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THRIVE this Holiday Season

December, the month of magic!

Regardless what you celebrate- if you celebrate anything at all- it’s no doubt that this month is filled with parties, gatherings, shopping and extra commitments.

Some find this time of year incredibly stressful. It could be in-law drama, posh work parties that they have to buy something for Steve from IT, cooking for a massive gathering…

Now, despite all of this, we are firm believers that the holidays should be just that: a holiday. A time for a break from your day-to-day work grind, a time to relax and enjoy great company, and a time for fun.

So, if this time of year brings stress instead of joy, try some of these tips:

For the body:

  • If you’re feeling wiped, scale back on your workouts but keep moving. Your body treats stress- in whatever form it comes- as stress, which is why the increased mental stressors can make you feel like you just had an intense workout. Our tip? Scale back on the frequency, length or intensity of the workouts-- but don’t stop. Exercise is a fantastic de-stressor and will help your body handle everything else in your life too, but it can have detrimental effects if you’re exhausted and still pushing past your limits. Mini-workouts (we're talking 5-10 minutes) and low-impact exercise like yoga or going for a walk can do wonders for your sanity. That’s why we’re having a [free] 12-days of Fitmas Challenge: daily mini-workouts ranging from 5 to 30 minutes in length, holiday-friendly nutrition tips, and daily support and motivation. To join us, sign-up here!

  • Drink loads of water. Hydration is so, so important for good body function and helps keep you alert and focused. It will also help you digest those foods you rarely eat that make you feel bloated and help curb your appetite so that you enjoy the holiday delicacies without getting that too-familiar stuffed feeling.

  • Eat breakfast, especially on party days. Breakfast is an opportunity to give your body enough energy and nutrients to be fully charged all day AND can help keep your hunger in check later on. If you have a holiday function later in the day, have an even bigger breakfast focused on a great protein source, veggies and fruits.

  • Go for the fruits and veggies first at buffet-style gatherings. We are firm believers in enjoying life-- desserts included! However, many people experience weight gain or feelings of discomfort around the holiday season-- but this is easily avoidable without swearing off the once-a-year indulgences while sticking to your health goals. Most parties have appetizers of some sort, often including a spread of delicacies that include some fruit and veggies. Fruits and veggies are low calorie but very filling and give your body the nutrients it needs. Look for these to fill up most of your plate (or your whole plate for the first round) before diving into your holiday favourites.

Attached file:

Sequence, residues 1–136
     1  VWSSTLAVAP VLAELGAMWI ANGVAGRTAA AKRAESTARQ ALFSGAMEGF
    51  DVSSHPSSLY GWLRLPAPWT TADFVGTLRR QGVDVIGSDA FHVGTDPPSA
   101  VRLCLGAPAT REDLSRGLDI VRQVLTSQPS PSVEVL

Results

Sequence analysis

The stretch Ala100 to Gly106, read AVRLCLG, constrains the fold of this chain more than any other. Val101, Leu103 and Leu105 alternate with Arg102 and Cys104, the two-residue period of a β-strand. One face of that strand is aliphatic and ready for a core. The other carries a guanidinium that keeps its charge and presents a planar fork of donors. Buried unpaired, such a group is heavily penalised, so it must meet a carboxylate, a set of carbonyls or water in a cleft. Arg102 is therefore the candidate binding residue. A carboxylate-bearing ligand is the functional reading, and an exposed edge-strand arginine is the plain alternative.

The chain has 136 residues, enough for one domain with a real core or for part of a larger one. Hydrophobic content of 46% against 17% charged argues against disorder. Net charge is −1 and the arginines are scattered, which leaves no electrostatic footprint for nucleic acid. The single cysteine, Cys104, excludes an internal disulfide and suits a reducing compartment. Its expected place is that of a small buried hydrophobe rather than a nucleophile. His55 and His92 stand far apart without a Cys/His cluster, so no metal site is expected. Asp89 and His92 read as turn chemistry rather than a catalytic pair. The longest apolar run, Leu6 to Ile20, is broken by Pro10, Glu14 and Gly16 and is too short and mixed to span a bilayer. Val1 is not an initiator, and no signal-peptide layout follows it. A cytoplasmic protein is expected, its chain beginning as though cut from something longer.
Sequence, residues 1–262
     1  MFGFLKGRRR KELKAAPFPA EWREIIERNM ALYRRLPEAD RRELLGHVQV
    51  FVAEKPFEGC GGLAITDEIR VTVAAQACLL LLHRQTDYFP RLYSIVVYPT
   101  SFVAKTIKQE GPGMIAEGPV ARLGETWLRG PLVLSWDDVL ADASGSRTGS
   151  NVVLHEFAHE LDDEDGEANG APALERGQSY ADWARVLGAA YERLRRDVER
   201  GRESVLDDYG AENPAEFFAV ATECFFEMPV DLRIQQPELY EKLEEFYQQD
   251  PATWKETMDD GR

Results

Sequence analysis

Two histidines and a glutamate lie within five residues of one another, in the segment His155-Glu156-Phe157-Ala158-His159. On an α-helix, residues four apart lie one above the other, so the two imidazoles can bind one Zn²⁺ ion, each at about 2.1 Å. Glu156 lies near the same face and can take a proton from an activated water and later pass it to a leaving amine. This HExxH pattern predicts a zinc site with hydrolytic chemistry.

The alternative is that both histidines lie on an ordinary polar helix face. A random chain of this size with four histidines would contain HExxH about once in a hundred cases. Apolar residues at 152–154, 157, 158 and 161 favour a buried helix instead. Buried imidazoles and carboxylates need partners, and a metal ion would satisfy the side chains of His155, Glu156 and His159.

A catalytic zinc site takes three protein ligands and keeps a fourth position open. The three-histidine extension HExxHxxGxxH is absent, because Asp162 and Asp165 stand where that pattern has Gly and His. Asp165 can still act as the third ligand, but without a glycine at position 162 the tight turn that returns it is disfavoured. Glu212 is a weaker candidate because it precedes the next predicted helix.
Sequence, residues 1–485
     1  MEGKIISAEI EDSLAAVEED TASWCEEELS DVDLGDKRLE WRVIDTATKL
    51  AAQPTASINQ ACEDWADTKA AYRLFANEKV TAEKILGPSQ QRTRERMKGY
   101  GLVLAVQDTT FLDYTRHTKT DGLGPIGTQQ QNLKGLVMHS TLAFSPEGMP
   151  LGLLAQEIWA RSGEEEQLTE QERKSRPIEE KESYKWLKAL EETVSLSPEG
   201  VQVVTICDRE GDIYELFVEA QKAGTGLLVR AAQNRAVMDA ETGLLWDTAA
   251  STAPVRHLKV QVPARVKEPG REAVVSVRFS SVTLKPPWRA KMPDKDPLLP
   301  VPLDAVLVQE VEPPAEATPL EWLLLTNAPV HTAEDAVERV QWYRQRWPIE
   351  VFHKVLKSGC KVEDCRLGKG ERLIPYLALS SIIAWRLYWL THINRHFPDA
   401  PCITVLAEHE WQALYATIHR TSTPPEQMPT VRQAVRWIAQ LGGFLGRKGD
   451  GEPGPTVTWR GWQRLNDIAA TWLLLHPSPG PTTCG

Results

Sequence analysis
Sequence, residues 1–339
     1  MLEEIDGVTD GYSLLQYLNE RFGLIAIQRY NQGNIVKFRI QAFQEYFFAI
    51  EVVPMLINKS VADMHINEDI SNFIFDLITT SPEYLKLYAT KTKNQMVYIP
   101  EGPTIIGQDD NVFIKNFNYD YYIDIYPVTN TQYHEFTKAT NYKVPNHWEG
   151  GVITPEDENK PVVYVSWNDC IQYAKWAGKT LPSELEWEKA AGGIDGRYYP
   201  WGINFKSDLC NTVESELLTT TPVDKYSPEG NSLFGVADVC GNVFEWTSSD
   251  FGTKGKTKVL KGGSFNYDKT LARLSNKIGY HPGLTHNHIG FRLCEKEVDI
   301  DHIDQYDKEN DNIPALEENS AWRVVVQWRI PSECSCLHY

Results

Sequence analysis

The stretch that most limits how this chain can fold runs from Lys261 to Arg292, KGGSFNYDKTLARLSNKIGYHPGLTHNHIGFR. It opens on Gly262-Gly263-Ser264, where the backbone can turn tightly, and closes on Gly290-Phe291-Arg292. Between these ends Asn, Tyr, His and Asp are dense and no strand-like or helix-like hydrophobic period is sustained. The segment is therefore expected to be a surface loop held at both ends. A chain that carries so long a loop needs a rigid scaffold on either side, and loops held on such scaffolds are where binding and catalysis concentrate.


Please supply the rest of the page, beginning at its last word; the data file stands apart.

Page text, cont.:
For the mind:

  • Avoid the mall or choose off-peak times to go. It’s no secret that it’s a madhouse this time of year. Order your gifts online (many small businesses are online and will delivery too, so you can still shop locally online) or try to go to the mall during weekday work hours, if possible.

  • Say “no”. Organize another dinner party. Make the props for a holiday play. Cook the main course and desserts…. There are SO many opportunities to do more around the holidays, but don’t be afraid to say NO or offer a compromise to those extra tasks on an already packed schedule. It will be best for the event, they can find someone else who can give the attention it needs, and, of course, it will be best for YOU and your other commitments that are closer to your heart. If saying “no” flat-out feels wrong or you really want to help but feel like you won’t be able to do your best, offer to help find someone else or compromise. Maybe you can do part of what needs to be done and split the work with another person.

  • Ask for help. On the other side of saying “no”, don’t be afraid to ask for help. Of course, respect if the person you asked says “no”, but many people are very open to pitching in what they can for people and causes that they care about this season.

  • Agree and agree to disagree. Sometimes gatherings can preemptively spark stress thinking about the discussions that are usually brought up, like past family events, politics, the news, etc. However, you never have to accept a conversation that you don’t want, no matter who it’s from. If Aunt Jane is bringing up her typical political ponderings that you vehemently disagree with, respectfully acknowledge her opinion, politely comment that you disagree- if you want to- and change subjects to more family-fun conversations.

Wishing you the happiest of holidays,

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